To help us keep up with the positive response to Spark and process submissions in a timely manner, we seek two Staff Readers to join us immediately. This is an unpaid, volunteer position (as is Editor-in-Chief), but it may be listed on your resume/C.V. or used as a reference.

See the full job listing for details and to learn how to apply!

Press Release

Download this press release in PDF format.


November 13, 2012 – For Immediate Release

Spark: A Creative Anthology is a quarterly anthology accepting fiction, poetry, and cover art from emerging and established writers.

In a bold move that seems contrary to the trend of online- or eBook-only magazines, each volume of Spark will be published in both print and electronic formats. The intent behind this decision was to underscore the lasting value of the anthology’s featured content.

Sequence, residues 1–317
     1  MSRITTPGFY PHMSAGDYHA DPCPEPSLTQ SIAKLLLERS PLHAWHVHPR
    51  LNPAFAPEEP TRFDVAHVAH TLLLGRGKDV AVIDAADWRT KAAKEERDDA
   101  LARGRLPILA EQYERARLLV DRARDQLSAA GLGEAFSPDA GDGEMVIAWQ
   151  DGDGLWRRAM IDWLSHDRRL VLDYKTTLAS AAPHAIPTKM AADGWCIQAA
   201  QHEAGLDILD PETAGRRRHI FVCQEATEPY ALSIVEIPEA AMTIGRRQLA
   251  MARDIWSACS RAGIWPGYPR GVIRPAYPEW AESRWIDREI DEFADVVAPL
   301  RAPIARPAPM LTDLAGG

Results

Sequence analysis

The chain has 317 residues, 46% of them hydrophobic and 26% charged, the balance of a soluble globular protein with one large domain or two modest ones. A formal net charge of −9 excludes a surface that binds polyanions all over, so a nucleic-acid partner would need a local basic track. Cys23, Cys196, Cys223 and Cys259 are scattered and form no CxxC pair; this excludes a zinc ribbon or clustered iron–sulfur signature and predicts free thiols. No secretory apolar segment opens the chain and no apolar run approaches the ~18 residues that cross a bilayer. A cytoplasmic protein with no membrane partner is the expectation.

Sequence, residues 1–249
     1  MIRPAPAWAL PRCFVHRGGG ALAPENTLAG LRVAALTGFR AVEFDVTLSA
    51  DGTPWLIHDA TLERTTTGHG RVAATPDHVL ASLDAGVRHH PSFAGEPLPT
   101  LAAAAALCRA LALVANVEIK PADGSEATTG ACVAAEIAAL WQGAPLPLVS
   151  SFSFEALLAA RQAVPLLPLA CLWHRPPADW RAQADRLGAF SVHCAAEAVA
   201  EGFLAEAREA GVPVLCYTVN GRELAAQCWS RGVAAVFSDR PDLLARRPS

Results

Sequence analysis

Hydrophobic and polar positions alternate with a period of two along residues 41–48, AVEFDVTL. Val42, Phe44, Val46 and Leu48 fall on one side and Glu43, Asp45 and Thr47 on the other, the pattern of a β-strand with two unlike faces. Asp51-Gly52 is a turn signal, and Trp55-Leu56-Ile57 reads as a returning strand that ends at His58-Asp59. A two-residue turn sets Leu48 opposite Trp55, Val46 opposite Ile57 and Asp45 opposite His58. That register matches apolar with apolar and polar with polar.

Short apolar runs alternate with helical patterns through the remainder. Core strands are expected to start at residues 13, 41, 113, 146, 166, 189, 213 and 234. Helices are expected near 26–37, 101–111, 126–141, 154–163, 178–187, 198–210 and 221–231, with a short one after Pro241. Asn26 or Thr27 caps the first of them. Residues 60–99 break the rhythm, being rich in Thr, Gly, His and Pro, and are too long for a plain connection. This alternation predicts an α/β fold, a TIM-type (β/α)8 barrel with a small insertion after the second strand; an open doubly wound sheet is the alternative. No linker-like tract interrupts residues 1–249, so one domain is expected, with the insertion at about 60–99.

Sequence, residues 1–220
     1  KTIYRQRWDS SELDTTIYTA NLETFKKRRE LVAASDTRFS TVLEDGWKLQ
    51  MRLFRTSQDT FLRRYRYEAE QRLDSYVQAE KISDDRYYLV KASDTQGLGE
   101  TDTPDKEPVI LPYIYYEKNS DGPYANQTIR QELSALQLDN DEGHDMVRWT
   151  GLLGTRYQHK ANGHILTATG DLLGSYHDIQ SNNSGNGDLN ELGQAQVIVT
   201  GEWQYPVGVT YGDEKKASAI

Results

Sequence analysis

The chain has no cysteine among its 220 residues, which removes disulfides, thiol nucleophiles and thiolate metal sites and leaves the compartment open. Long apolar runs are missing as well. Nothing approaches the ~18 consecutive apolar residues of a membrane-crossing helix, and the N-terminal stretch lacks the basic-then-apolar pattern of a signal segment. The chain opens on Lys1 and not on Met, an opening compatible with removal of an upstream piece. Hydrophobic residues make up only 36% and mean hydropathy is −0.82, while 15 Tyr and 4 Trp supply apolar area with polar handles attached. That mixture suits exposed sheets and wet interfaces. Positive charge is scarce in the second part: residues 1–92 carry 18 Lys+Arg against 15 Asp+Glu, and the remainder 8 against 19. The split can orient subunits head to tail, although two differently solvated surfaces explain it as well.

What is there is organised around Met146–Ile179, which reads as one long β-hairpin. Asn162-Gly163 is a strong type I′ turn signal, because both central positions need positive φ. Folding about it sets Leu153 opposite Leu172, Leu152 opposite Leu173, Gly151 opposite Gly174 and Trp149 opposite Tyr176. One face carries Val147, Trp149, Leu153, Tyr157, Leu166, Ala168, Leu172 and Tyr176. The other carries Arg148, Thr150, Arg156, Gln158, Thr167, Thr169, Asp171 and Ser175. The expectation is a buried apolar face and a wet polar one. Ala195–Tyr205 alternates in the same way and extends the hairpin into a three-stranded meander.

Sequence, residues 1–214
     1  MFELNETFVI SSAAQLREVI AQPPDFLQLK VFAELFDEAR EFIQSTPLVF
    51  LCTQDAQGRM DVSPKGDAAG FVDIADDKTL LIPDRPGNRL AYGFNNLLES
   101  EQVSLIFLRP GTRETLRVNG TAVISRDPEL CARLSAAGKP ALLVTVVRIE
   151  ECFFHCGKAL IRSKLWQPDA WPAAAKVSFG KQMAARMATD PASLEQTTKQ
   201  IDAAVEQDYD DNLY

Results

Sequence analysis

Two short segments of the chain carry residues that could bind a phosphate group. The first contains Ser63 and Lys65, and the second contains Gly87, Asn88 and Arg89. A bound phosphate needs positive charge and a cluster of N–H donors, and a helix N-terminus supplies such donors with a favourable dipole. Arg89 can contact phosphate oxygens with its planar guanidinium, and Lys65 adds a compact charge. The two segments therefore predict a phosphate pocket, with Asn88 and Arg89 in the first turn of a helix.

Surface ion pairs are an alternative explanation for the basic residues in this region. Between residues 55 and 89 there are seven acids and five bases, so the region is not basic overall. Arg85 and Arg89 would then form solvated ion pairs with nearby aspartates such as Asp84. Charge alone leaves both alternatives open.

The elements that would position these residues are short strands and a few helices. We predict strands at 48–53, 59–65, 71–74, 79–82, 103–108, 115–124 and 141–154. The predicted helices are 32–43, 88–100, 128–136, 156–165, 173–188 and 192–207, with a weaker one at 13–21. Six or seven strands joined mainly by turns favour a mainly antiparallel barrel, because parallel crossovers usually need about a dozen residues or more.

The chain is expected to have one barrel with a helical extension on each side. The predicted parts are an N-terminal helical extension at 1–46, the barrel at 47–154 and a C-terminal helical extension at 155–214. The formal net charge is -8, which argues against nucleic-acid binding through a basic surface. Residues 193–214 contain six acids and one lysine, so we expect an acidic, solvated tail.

“My goal was to establish a high-quality, paying market where emerging authors and poets are published alongside respected and established writers,” said Brian Lewis, founder and Editor-in-Chief of Spark.

Lewis continued, “While Spark actively encourages submissions from new writers, regardless of age, we are looking for quality writing and artwork across all genres—from professionals and amateurs alike. We set the bar high to encourage young writers to excel, and to maintain a publication to which established professionals are excited to submit.”